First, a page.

Toronto real estate fatigue and COVID-19 anxiety are setting in: realtors

Realtors say now is a good time to find a deal as prices may finally cool due to surging COVID-19 cases and the season


The Toronto real estate market may finally cool following month-after-month of unseasonably frantic behaviour.

The average Toronto house price broke records in June and just kept climbing despite the COVID-19 pandemic, reaching $1,025,925 in October.

But daily COVID-19 cases in Ontario have hit record highs as well. On Saturday, the provincial government announced 1,581 new cases and the pandemic is expected to worsen

“We are continuing to urge our members across Ontario to stop hosting open houses,” says Ontario Real Estate Association CEO Tim Hudak. “Limit face-to-face interactions as much as possible and use virtual tools first and to the greatest extent possible.” 

If the trends continue, Ontario’s red zones could eventually face a lockdown similar to March, which brought the hot real estate market to a standstill.

But Toronto area realtors Meray Mansour and Odeen Eccleston, from Re/Max Hallmark Realty and WE Realty, respectively, don’t think real estate sales will come to a screeching halt. Rather, buying and selling will only pause. 

“In the spring, because it was so new to us, we hadn’t built up that tolerance yet,” says Mansour.

“There was so much uncertainty, people were just paralyzed with fear,” adds Eccleston. 

Both realtors feel most people will continue to conduct business as usual during the second wave, but perhaps a little more carefully. After we speak on the phone, Mansour is going to visit properties to give her client, who will stay at home, a live tour using Zoom. 

“Now we’re kind of used to it,” says Mansour. “Like ‘OK, here we go again.’” 

An unstable Toronto real estate market 

Both Mansour and Eccleston also feel that now is a good time to start looking for real estate deals. Toronto prices continued to rise through October despite the pandemic, which is an indication of the demand. But after months and months of hustling between realtors, buyers and sellers, they say exhaustion is setting in. 

“People are getting what I might call a little bit of Toronto real estate fatigue,” says Eccleston, explaining that it’s a good time for buyers to get a deal from sellers who want to offload remaining listings.

“People kind of start to fall asleep this time of year. I say don’t give up now because competition is going to be a little bit less fierce in November and December.”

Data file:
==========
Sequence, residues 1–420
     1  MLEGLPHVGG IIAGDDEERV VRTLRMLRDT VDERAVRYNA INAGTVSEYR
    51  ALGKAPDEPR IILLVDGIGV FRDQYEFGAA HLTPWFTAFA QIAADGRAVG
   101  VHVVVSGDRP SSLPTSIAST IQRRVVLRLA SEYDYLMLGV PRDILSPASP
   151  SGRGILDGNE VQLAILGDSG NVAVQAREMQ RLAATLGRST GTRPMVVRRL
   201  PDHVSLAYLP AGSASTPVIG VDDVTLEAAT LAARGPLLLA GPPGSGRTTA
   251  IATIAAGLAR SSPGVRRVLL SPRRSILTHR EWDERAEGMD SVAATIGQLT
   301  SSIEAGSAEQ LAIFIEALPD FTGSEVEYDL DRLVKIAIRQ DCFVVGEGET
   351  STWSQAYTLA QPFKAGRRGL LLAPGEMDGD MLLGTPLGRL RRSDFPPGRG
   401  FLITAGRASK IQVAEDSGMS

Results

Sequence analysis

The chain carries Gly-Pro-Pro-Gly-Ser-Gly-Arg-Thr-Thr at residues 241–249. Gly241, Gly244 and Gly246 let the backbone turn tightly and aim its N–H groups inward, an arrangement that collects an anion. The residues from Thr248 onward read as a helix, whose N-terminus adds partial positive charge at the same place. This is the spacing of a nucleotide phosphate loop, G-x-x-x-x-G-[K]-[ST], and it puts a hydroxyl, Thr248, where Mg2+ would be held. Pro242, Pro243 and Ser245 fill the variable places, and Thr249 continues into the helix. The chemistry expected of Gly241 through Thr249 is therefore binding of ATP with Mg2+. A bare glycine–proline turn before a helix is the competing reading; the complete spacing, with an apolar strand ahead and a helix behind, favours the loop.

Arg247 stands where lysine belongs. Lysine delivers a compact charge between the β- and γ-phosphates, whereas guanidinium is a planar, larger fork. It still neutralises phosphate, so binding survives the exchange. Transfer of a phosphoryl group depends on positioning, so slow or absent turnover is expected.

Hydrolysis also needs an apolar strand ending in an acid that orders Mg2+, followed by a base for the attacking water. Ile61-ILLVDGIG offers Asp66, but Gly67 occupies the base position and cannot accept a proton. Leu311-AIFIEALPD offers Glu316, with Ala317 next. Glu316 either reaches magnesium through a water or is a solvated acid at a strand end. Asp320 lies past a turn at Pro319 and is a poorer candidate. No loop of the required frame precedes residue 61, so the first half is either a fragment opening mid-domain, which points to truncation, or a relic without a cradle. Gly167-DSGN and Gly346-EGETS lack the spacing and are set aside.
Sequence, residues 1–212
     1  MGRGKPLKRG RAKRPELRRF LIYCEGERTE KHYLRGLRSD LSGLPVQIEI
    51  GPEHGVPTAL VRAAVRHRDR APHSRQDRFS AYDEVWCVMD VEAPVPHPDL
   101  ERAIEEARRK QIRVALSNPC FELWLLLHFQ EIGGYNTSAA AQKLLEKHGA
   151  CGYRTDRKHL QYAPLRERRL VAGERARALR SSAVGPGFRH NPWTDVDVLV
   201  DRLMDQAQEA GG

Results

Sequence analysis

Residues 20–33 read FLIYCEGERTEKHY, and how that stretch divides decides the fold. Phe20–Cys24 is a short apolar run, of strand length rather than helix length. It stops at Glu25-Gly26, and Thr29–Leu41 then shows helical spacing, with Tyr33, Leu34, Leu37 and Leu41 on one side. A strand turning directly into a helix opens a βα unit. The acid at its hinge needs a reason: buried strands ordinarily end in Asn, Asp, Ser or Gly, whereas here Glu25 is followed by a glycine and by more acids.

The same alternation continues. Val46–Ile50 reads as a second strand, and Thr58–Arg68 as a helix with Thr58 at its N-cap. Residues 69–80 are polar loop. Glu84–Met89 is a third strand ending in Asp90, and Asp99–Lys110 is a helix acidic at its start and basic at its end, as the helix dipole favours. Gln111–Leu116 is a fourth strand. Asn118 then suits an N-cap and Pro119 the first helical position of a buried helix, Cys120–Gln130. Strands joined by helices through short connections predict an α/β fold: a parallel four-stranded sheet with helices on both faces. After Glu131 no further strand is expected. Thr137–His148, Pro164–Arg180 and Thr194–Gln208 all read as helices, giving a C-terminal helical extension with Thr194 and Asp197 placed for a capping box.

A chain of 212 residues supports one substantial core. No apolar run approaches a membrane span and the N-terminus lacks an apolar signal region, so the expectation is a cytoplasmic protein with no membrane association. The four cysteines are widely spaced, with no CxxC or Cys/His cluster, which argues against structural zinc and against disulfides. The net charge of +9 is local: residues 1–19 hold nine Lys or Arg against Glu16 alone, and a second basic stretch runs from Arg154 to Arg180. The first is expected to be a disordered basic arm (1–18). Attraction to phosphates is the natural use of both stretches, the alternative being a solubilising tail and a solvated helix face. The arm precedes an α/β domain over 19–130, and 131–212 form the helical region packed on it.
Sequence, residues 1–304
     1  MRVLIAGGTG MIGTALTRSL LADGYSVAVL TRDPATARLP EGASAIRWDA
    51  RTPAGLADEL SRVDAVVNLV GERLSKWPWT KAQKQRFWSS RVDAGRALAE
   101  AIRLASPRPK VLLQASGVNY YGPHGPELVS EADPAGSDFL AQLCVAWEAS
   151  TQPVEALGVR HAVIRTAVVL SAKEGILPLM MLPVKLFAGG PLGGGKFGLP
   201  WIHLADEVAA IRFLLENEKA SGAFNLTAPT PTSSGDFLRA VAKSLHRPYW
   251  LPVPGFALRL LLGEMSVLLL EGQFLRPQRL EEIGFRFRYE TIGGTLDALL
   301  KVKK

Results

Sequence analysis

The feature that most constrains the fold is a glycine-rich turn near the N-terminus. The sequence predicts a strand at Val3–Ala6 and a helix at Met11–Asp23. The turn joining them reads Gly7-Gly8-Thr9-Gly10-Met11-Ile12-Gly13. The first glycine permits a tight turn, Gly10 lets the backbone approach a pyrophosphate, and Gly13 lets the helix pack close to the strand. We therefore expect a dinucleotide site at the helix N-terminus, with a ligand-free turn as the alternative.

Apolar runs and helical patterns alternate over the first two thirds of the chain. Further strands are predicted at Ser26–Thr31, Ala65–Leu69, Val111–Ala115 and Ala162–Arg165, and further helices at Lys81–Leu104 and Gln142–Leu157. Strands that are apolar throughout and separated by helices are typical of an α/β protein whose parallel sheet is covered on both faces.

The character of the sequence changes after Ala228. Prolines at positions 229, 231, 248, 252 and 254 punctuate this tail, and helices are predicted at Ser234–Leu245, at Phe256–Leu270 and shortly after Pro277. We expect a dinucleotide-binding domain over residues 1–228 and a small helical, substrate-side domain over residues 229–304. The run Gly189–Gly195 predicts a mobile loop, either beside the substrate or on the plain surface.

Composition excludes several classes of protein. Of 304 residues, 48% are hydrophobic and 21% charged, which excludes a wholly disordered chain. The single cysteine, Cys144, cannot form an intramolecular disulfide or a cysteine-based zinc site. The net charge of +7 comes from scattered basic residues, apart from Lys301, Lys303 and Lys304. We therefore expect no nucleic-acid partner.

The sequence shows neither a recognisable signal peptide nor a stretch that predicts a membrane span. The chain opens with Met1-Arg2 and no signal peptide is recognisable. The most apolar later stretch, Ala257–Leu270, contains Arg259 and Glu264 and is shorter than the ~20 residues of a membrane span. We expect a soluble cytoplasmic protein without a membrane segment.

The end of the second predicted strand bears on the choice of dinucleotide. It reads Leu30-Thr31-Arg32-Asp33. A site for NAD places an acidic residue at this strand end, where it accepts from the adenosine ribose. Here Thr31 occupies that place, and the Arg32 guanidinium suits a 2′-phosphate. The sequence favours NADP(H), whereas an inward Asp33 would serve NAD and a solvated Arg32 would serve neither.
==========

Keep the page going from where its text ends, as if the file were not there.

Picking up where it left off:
It helps that November and December is typically a time where people take their minds off real estate and figure out the holidays. Mansour adds that despite the high prices, the market is unstable, which leaves room to find details. 

“There’s been weeks where supply has been really high and then it’s gone,” says Mansour. She adds that the market has recently been in a state where it’s no longer just following sustained trends but almost reacting emotionally.

For example, Mansour observed that the Toronto real estate activity received a boost after Joe Biden was announced the projected winner of the U.S. presidential election. 

“Literally, the next day after they announced the winner, everything picked up. My showings picked up. My offers picked up. I sold everything.” 

Mansour believes the election results made people feel a little more secure in their stocks and finances, which are tied to the U.S. economy.

Eccleston adds that the weather was also nice, which generally correlates to strong real estate activity. But both agree that moods and emotions have a heavy impact on real estate activity.

People’s emotions – and the real estate market – have been on a rollercoaster ride in 2020. 

Realtors are the new therapists

“It’s more difficult to put deals together because of the collective anxiety,” explains Mansour, who says she’s working 10 times harder because pandemic fatigue is taking its toll on transactions. 

The pandemic not only added new health and safety measures and obstacles, but new stresses for clients who are in some cases making life-changing decisions in response to the pandemic and financial crisis.

Are they going to have a job? Do they want to leave the city and look for more space? Or will this pandemic be over after a vaccine arrives, meaning should they should stick it out? Do they buy first or sell first?

These are all questions clients usually know the answer to ahead of time, says Mansour. But not in a COVID-19 world. 

“There are announcements every week from the government telling us numbers are up, numbers are down, we’re locking down, we’re opening up,” says Mansour, adding the emotional toll COVID-19 is taking on people affects real estate decisions.  

Nowadays, realtors feel more like therapists.

“The levels of anxiety are high. People are drinking a lot more. We don’t have the normal things that we do every day, like going to the gym or being with friends and family. There’s a lot more isolation. All that stuff affects us psychologically. And most people are not even aware of that. It’s kind of like this underlying factor.

“Sometimes when people are anxious, they make bad decisions,” she adds. “I’ve had to really put on my therapist hat and be like, ‘OK, is this something you really need to do or is this something you’re doing because of your anxiety?’”

@justsayrad

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